German Grub: Eating Abroad

23 August 2016

So I am back for another posting. Right now I’m feeling like I’m probably going to be writing once a week, which might be kind of a lot to be posting on my sister’s blog, so the thoughts of making my own blog have been planted in my head but we’ll see if I keep up the weekly writing.


I am currently sitting on the other balcony at my apartment, yes there are two. This is at the front of the building so I actually just saw a little line of school kids walk by and they were waving at me 🙂 it was pretty cute.

Aachen balcony

Anyways, it’s feeling like I have a lot of little things that I want to write about so what I started doing is just taking a picture of whatever the thing is I want to write about, then when I go to write I’ll try to remember what it was about.

First up on my photo reel is the typical breakfast that I’ve been having each day. I don’t want to become that person that just blogs about their food, but seeing as how I think food is a really important part of culture I think it’s valid to talk about. From what I’ve gathered, Germans have a pretty hearty breakfast every day. It’s nothing like the fried eggs and bacon Americans usually have, but it consists of lots and lots of bread, which I was never really a huge fan of. Here is a list of what I would consider a normal German Frühstück:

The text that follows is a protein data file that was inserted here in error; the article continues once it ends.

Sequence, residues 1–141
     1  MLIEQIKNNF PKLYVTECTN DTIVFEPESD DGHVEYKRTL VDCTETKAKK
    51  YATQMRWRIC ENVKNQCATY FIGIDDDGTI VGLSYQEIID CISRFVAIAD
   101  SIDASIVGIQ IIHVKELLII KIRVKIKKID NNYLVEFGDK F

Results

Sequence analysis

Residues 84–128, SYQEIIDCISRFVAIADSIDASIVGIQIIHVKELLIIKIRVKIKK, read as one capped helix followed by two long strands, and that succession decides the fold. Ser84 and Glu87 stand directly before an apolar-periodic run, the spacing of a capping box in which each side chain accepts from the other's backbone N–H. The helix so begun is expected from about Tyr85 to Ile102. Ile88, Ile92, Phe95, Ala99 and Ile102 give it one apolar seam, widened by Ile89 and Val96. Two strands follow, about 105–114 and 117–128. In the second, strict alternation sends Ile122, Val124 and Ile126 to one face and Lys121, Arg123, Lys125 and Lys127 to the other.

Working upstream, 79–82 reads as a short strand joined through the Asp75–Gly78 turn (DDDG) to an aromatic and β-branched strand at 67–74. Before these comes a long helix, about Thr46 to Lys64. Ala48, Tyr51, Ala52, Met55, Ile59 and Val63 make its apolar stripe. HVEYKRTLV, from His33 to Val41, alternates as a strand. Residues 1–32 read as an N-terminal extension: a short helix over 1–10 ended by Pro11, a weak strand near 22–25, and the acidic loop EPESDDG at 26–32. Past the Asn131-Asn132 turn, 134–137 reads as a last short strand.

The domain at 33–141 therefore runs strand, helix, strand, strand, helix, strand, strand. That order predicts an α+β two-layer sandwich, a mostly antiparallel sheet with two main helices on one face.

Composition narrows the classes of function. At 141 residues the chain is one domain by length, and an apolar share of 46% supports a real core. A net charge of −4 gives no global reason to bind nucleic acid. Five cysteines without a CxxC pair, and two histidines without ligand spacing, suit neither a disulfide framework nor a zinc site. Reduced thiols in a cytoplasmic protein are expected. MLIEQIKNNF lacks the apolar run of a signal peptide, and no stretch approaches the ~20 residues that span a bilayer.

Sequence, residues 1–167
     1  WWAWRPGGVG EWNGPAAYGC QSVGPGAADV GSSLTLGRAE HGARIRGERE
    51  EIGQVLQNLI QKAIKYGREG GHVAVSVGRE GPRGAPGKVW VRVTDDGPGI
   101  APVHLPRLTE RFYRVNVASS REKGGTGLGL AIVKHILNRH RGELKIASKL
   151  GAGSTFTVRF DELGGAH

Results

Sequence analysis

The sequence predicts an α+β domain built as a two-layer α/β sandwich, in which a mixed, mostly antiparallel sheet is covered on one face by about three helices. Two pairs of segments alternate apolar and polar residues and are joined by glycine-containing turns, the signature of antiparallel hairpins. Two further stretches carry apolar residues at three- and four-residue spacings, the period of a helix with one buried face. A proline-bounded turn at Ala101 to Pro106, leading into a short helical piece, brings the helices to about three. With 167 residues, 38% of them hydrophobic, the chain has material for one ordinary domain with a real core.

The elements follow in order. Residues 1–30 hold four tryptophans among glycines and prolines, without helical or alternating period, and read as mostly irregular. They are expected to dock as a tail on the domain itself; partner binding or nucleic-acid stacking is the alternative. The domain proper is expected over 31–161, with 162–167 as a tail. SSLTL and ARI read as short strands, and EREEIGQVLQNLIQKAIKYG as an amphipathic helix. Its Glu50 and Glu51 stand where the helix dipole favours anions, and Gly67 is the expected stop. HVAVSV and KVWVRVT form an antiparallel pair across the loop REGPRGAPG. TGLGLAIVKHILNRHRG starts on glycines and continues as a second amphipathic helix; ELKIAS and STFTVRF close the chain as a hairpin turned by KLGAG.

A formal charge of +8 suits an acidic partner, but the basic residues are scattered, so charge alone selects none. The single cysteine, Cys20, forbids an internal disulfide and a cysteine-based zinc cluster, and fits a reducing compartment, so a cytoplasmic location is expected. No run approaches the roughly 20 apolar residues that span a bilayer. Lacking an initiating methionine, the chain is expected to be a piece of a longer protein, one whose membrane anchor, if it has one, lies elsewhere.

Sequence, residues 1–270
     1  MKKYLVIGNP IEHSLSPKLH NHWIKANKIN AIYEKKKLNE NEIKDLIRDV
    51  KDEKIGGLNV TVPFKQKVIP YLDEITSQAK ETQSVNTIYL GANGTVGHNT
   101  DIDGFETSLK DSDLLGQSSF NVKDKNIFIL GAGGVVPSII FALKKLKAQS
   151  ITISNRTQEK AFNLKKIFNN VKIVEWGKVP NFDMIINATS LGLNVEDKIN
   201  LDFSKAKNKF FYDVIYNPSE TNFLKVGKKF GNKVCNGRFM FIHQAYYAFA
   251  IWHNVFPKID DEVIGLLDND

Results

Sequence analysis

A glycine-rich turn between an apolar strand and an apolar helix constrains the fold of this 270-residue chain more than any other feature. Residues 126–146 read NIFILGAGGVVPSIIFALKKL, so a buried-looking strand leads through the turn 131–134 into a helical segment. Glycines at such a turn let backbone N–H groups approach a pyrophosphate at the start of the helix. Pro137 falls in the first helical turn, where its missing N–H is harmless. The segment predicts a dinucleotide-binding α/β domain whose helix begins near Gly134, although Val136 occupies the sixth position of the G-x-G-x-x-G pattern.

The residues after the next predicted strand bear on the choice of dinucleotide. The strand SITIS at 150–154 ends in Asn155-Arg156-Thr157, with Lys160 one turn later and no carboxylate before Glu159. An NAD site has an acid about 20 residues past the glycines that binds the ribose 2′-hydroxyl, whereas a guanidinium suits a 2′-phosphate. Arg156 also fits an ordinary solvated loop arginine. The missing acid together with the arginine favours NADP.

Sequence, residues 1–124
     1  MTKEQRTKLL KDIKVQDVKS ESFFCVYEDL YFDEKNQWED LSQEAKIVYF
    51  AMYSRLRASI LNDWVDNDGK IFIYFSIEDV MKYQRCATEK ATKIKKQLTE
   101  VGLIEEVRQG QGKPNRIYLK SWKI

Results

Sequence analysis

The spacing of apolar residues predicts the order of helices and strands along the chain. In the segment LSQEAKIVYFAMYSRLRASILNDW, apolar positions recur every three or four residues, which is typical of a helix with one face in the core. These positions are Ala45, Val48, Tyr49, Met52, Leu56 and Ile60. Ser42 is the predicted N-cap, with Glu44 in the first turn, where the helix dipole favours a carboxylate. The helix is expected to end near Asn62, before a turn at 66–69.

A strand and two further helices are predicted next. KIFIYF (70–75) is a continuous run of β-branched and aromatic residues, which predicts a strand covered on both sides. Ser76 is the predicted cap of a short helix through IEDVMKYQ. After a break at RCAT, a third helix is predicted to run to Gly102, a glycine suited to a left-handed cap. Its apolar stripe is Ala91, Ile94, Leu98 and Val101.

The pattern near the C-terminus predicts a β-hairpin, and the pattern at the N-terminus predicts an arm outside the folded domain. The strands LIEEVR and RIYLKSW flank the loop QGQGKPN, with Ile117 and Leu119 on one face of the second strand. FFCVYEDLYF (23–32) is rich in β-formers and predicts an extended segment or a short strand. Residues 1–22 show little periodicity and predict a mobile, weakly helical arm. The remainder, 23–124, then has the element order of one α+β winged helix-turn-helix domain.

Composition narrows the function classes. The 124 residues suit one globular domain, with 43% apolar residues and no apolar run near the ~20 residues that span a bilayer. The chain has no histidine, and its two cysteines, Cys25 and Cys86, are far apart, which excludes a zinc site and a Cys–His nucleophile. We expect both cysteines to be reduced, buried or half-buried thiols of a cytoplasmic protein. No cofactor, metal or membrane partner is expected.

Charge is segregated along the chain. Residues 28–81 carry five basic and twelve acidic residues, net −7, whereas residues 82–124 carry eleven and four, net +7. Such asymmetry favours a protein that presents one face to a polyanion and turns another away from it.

• 2 Brötchen (little bread rolls)
    • One with sliced meat, cheese, or Kräuter Frischkäse (herb cream cheese)
    • Another with jelly or butter
  • Müsli (oatmeal kind of), or yogurt
  • Seasonal fruit (I was told not to buy the strawberries yesterday because “their time was done”)

The platters usually end up looking like some piece of art, but honestly for me it’s a lot of different things at one time. I feel like I’m eating my entire day’s worth of meals in one sitting.

Left: my very visually appealing, symmetrical breakfast (Frischkäse, ham, salami, gouda, and cucumber); Right: the yummy yummy Frischkäse

*Oh, and on a slight side note: Germans drink both coffee and tea. For some reason this was my biggest question before I came to Aachen last time. I knew the British drank tea, and the Italians had espresso, and Spanish and French had coffee, but for some reason I spent a lot of time thinking about what the Germans drank; my mind is officially at ease.

JKO

 

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